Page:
In this thesis we present a Regularization Network approach to
reconstruct a continuous function
ƒ:[0,1]^{n}→**R** from its function values
ƒ(**x**_{j}) on discrete data points **x**_{j}, j=1,…,P. The ansatz is based on a new
constructive version of Kolmogorov's superposition theorem.

Typically, the numerical solution of mathematical problems underlies
the so--called *curse of dimensionality*. This term describes the
exponential dependency of the involved numerical costs on the
dimensionality n. To circumvent the curse at least to some extend,
typically higher regularity assumptions on the function ƒ are
made which however are unrealistic in most cases. Therefore, we employ
a representation of the function as superposition of one--dimensional
functions which does not require higher smoothness assumptions on
ƒ than continuity. To this end, a constructive version of
Kolmogorov's superposition theorem which is based on D. Sprecher is
adapted in such a manner that one single outer function Φ and a
universal inner function ψ suffice to represent the function
ƒ. Here, ψ is the extension of a function which was defined
by M. Köppen on a dense subset of the real line. The proofs of
existence, continuity, and monotonicity are presented in this
thesis. To compute the outer function Φ, we adapt a constructive
algorithm by Sprecher such that in each iteration step, depending on
ƒ, an element of a sequence of univariate functions {
Φ^{r}}_{r} is computed. It will be shown that
this sequence converges to a continuous limit
Φ:**R**→**R**. This constructively proves
Kolmogorov's superposition theorem with a single outer and inner
function.

Due to the fact that the numerical complexity to compute the outer
function Φ by the algorithm grows exponentially with the
dimensionality, we alternatively present a Regularization Network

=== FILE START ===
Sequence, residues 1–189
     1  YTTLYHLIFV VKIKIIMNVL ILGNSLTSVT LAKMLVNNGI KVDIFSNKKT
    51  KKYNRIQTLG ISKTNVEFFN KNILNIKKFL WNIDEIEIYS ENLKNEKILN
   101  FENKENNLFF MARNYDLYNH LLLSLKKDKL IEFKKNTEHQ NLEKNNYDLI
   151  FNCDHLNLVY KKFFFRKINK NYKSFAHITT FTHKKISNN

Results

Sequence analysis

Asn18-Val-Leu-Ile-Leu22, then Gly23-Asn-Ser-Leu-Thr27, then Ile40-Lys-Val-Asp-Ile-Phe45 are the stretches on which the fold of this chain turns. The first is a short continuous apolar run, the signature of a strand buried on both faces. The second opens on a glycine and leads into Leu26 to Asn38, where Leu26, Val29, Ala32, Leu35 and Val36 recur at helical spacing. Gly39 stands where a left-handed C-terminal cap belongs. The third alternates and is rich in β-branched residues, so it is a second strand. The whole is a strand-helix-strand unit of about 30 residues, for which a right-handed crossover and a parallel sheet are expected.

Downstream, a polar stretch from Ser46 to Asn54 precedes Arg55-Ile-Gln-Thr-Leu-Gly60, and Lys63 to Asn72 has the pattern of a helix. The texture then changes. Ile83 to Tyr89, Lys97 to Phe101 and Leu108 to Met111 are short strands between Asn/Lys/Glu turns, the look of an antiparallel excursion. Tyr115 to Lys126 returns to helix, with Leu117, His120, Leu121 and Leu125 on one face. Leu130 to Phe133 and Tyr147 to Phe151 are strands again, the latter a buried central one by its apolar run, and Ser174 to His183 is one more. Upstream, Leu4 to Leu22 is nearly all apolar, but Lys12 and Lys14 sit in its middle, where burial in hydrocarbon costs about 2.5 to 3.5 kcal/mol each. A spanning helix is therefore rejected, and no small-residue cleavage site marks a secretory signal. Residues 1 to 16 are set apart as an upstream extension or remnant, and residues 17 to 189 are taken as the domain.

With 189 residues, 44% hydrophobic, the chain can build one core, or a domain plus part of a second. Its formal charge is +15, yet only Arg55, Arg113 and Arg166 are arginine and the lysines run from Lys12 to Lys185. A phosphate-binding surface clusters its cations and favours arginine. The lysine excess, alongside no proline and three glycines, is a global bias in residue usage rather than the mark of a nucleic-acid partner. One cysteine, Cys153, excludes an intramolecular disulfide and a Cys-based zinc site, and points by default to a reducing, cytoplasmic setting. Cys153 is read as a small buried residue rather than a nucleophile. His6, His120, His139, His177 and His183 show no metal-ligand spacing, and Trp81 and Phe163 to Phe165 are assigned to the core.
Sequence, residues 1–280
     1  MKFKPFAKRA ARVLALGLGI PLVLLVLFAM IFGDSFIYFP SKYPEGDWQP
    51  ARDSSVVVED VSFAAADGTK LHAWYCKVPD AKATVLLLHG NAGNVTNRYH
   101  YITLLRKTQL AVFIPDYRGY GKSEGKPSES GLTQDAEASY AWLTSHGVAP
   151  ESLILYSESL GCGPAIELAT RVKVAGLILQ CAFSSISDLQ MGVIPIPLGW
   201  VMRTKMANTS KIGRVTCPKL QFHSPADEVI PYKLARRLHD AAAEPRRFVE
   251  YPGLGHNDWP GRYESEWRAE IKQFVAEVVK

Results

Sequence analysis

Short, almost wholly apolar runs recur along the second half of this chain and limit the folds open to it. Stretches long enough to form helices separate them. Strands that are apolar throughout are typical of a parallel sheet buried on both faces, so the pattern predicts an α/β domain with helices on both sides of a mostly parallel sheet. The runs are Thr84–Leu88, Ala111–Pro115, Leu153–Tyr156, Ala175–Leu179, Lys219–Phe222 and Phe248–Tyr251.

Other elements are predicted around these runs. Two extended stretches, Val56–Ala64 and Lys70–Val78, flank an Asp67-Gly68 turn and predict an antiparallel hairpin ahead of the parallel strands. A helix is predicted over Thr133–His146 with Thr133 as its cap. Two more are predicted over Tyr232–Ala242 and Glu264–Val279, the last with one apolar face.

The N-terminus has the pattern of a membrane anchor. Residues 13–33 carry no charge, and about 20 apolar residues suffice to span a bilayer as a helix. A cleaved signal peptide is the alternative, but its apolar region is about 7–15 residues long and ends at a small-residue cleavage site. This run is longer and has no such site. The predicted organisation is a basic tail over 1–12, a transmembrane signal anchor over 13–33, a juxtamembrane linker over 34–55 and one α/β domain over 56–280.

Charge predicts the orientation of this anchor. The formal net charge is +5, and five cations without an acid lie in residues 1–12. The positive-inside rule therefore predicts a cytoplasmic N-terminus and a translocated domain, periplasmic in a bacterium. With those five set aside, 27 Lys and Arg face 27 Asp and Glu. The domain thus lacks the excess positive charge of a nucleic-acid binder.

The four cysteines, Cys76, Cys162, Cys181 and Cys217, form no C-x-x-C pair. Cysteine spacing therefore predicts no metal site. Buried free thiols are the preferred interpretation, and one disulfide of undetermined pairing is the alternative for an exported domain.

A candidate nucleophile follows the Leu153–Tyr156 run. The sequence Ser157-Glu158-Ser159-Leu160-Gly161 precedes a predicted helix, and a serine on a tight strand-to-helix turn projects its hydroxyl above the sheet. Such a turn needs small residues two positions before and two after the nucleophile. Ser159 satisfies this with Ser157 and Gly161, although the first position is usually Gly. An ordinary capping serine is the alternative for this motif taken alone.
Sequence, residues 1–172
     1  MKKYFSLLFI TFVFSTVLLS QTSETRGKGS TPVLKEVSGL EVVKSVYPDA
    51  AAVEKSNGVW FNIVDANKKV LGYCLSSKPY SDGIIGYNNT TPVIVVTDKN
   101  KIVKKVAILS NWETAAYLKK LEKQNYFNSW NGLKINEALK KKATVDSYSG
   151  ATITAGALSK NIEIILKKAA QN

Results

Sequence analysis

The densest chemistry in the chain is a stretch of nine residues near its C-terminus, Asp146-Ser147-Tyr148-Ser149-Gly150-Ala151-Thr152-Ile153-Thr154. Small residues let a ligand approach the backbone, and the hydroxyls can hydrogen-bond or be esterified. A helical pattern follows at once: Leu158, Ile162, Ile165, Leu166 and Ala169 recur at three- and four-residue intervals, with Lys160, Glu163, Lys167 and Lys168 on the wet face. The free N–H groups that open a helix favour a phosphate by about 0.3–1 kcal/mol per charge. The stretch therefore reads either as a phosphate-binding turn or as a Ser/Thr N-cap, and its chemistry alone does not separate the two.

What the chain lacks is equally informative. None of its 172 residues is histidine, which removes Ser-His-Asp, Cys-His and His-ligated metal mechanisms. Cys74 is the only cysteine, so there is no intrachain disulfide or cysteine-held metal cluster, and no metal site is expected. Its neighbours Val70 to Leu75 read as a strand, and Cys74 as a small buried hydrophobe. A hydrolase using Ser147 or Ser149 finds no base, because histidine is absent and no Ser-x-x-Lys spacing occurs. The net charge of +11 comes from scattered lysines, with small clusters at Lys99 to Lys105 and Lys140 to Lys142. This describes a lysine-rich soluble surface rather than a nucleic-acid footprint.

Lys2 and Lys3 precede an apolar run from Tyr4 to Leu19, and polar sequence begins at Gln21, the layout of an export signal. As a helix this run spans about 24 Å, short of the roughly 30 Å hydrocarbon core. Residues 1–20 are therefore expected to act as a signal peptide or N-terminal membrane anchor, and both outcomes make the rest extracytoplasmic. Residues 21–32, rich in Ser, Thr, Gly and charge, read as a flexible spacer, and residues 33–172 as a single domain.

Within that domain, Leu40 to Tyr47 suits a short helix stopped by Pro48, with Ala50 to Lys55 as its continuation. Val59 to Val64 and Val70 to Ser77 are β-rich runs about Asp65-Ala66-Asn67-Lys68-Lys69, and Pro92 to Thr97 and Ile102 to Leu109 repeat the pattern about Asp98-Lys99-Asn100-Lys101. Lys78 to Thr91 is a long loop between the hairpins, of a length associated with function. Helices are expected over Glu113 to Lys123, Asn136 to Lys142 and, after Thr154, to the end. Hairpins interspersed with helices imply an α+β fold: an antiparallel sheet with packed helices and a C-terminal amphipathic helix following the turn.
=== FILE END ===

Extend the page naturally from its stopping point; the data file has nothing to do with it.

approach which is based on this representation. Here, the outer
function is computed from discrete function samples
(**x**_{j},ƒ(**x**_{j})),
j=1,…,P. The model to reconstruct ƒ will be introduced in
two steps. First, the outer function Φ is represented in a
finite basis with unknown coefficients which are then determined by a
variational formulation, i.e. by the minimization of a regularized
empirical error functional. A detailed numerical analysis of this
model shows that the dimensionality of ƒ is transformed by
Kolmogorov's representation into oscillations of Φ. Thus, the
use of locally supported basis functions leads to an exponential
growth of the complexity since the spatial mesh resolution has to
resolve the strong oscillations. Furthermore, a numerical analysis of
the Fourier transform of Φ shows that the locations of the
relevant frequencies in Fourier space can be determined a priori and
are independent of ƒ. It also reveals a product structure of the
outer function and directly motivates the definition of the final
model. Therefore, Φ is replaced in the second step by a product
of functions for which each factor is expanded in a Fourier basis with
appropriate frequency numbers. Again, the coefficients in the
expansions are determined by the minimization of a regularized
empirical error functional.

For both models, the underlying approximation spaces are developed by means of reproducing kernel Hilbert spaces and the corresponding norms are the respective regularization terms in the empirical error functionals. Thus, both approaches can be interpreted as Regularization Networks. However, it is important to note that the error functional for the second model is not convex and that nonlinear minimizers have to be used for the computation of the model parameters. A detailed numerical analysis of the product model shows that it is capable of reconstructing functions which depend on up to ten variables.

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